Tuesday, November 27, 2012


My psychologist gives me homework. Most recently, my homework was to approach the world with faith. Faith is equivocal here.

On one hand, faith refers to believing that the world will support my weight rather than swallow it or shrug it off. It also means having confidence that not everything is on the absolute verge of chaos, violence, and madness--for instance, that the broad walkway through the campus will not suddenly become a gauntlet of brutal punishment just for me.

For the most part, this is all true. I think I can be forgiven maintaining doubt while riding my bicycle through intersections of truck routes in Turlock. And while one goal of this exercise of faith is to release me from anxiety and behaving like prey, once again I believe it's prudent to regard myself as potential quarry while cycling. I admit, also, that on campus I have never been physically attacked, and only four or five times verbally abused, and only a dozen or so times even sneered at. (Of course, I am omitting interactions with administrators from this enumeration.)

Another sense of the word faith that I particularly draw from is Sartre's usage in Being and Nothingness to name actions with regard to freedom and responsibility. It's important, I suppose, to act as much as possible in good faith--self-consciously acknowledging that every action creates values and an image of how human life should be lived. To a great degree, I see my prey behavior as bad faith, because it is obviously an attempt to avoid what makes me anxious.

I'm reading an excerpt from Sartre's "Existentialism is a Humanism" with my Intro class, so this is coming back to mind afresh. One problem critics see in Sartre's approach is his overemphasis on a Cartesian concept of consciousness. Sartre's stuff often reads as if he imagines that we can have entirely transparent self-understanding and complete conscious control over ourselves.* But, since anxiety is a lizard-brain response (hence its emergence out of no known or visible causes when walking on campus, e.g.), the way to fight back against your amygdala is by being more aware of anxiety, not trying to diminish it by acting on it. In fact, acting on it increases it, because your stupid amygdala watches you skulking around looking for somewhere to hide, and responds by jumping up and down and shouting "See! Danger! If there weren't, you wouldn't be hiding!"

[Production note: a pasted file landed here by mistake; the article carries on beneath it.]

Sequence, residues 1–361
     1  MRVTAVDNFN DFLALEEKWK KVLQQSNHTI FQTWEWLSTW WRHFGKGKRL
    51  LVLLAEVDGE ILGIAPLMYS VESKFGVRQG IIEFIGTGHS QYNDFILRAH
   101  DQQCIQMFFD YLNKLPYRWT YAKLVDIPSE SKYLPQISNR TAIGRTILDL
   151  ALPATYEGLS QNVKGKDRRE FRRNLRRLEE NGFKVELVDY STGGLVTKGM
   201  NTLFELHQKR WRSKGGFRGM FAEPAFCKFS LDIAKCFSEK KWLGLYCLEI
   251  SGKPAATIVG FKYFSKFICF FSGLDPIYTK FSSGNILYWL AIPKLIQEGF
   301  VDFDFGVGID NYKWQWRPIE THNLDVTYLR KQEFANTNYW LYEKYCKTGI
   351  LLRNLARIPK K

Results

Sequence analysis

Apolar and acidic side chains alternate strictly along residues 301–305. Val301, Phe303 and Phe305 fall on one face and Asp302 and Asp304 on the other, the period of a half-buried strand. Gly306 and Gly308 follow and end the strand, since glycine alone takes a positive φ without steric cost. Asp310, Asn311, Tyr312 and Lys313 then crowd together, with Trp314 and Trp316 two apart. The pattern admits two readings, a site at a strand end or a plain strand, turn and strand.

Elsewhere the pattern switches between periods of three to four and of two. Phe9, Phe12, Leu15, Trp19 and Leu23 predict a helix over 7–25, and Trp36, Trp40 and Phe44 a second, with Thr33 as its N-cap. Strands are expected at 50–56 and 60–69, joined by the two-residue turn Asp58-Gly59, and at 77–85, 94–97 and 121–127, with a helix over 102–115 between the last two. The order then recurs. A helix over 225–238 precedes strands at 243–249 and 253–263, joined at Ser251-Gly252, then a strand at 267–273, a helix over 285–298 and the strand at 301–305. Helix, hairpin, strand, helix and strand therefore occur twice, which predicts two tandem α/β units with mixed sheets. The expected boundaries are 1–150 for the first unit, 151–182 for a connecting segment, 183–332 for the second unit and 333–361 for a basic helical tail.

It's tough acting in good faith, as Sartre himself would tell you. Plus, it makes me want to make my anxieties public, as a way to face them. There are certain things I really shouldn't say to people I come across on campus, and my psychologist also told me to do something to make myself noticed, as a counter-strategem. Yet I'm sure it's not the best coping strategy if I want to be regarded as (1) sane, (2) reliably discreet, and (3) reasonably appropriately professional. Maybe I'll keep a little notebook.

It's a misreading, I believe. I think freedom and responsibility come at the point of decision and action. That means that I become responsible for, say, a feeling, when I choose how to value that feeling and how to act on it. For instance, like everyone, I feel very attracted to some people and very repulsed by others. That's not super significant until I do something about it. That doesn't just mean making passes at the attractive people and punching the repulsive ones. I'm still choosing and taking responsibility when I just enjoy being around the attractive people and punching the repulsive ones.

1 comment:

Anonymous said...

Going to remember that point about not behaving like Prey... I like it.

Not everyone is out to screw everyone else all the time. Note to self.